I also make a point to show my personality as much as possible via e-mail or on calls. Being virtual, you miss out on facial expressions, gestures, posture, etc., many of the elements that help us know whether or not a message is being understood. Knowing that being virtual has its limitations, I use what I have. For example, if I’m excited about something, I make sure to show that excitement with my tone, inflection, pacing, etc. Also, I rely on technology for audio and sometimes video, but definitely for screen-sharing during meetings.
This month’s blog content focuses on establishing team culture in a virtual environment. You are the manager of a team that sits dispersed around the world. What did you focus on during your first 30 days?
I realized there was so much I just didn’t know about my colleagues’ day to day realities. We are all based in different Aperian Global offices. Some offices are traditional spaces, while some colleagues are in more modern co-working spaces. Each office has its own unique culture. Each team member is working on her or his own client portfolio and special projects. Each client is engaged with Aperian Global, and the level of interaction with each client is really quite varied. I was intimidated by how much I did not know.
With this in mind, I knew I needed to get organized and learn as much as possible about what my team members are doing and what challenges they are currently facing.
To do this, I set up a weekly meeting series with each of the team members. I made a point, early on, to share discussion topics and meeting notes from cross-functional departmental meetings, individual one-on-ones, and project meetings with each team member in our weekly discussions. Knowing that it is challenging for some team members to have weekly one-on-one calls with each other, I realized it would be a big part of my role to serve in some capacity as an intra-team knowledge-sharer. I set up this cadence early for personal gain, but it lends itself to creating a more collaborative culture and strengthens connections within the team as well.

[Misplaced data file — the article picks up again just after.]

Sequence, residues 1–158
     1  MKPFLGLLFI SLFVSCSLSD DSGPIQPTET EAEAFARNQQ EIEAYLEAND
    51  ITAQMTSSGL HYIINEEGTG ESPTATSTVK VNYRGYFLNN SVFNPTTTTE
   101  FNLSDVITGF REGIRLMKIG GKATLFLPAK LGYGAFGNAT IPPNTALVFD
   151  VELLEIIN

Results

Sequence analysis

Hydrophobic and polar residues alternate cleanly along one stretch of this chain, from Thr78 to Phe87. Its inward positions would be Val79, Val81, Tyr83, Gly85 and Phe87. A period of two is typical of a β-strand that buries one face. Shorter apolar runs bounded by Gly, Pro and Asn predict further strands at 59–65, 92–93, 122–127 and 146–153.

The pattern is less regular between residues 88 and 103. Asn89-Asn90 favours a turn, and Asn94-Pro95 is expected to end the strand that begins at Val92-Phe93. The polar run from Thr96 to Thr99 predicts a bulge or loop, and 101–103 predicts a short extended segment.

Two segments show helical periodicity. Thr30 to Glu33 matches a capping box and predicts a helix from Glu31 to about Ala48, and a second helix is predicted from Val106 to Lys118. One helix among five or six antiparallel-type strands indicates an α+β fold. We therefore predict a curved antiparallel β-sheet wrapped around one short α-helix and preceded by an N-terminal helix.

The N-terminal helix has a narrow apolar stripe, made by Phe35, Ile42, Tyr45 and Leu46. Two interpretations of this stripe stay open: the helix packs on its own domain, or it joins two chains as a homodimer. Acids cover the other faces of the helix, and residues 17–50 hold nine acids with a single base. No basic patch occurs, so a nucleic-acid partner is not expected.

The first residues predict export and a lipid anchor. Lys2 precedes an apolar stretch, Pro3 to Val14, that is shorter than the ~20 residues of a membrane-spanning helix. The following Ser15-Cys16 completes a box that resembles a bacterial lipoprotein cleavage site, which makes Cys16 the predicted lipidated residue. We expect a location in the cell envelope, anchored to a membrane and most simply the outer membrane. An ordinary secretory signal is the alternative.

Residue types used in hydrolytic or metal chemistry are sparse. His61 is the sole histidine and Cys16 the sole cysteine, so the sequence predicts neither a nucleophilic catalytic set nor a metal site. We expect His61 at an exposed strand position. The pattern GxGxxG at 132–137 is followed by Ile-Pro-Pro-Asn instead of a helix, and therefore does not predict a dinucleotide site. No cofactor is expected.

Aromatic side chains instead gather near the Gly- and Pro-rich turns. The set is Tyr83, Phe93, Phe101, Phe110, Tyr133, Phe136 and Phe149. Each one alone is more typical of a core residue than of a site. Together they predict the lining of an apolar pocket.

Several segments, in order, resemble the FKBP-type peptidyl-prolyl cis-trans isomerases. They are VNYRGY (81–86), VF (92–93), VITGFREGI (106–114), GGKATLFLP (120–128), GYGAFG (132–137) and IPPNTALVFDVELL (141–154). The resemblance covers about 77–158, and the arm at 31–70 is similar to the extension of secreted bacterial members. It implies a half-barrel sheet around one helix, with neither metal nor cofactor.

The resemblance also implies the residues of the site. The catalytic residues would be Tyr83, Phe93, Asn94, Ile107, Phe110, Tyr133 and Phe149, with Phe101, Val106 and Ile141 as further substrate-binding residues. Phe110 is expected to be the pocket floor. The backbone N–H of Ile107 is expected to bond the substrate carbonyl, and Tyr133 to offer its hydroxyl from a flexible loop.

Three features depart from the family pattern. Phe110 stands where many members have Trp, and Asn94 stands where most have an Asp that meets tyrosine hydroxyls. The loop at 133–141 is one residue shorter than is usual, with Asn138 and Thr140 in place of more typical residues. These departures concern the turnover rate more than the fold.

What rules have you established with your virtual team to ensure a positive, engaged and effective team culture? Could you share two or three best practices that have worked well for your particular virtual team?
Get to know your team members’ styles. The GlobeSmart ProfileSM has been an invaluable tool for me to learn more about my team members’ preferred communication styles, decision-making preferences, and how best to approach delegating a new project task. One of the first tasks I assigned to our new team member was to complete the GlobeSmart Profile. On day 2, the new team member and I had an insightful conversation, using the GlobeSmart Profile dimensions of culture and advice generated as our shared vocabulary and guide.
Create a space for collaboration. Unfortunately, working in a virtual space often creates the illusion that the person on the other side is not real – we may never even meet as a team face to face! In several team meetings, I have gone off script a bit and asked ice-breaker questions like, “If you could travel anywhere in the world, where would you go?” and, “What’s your favorite food?” This enables us to get to know each other as people by creating a space where team members can be comfortable sharing more about their interests and motivations. It has led to our team culture being quite collaborative and open.
Be approachable and available. As manager, it’s important to me that my team knows I am approachable and available to support their client requests or projects. While I don’t think it’s good practice to work all hours of the day, I do find it valuable to check e-mail and stay on Skype later in the evening so my India- and Singapore-based colleagues can “ping” me during their morning work hours for guidance on client issues. My goal with this tactic is to eliminate the wait time often caused by time zone differences. Now a client can get a response in half a day, rather than a day and a half!
Tell us something we don’t know about you yet.
I recently performed in a community theater production of Godspell with the Towne Players of Garner. I love musical theater!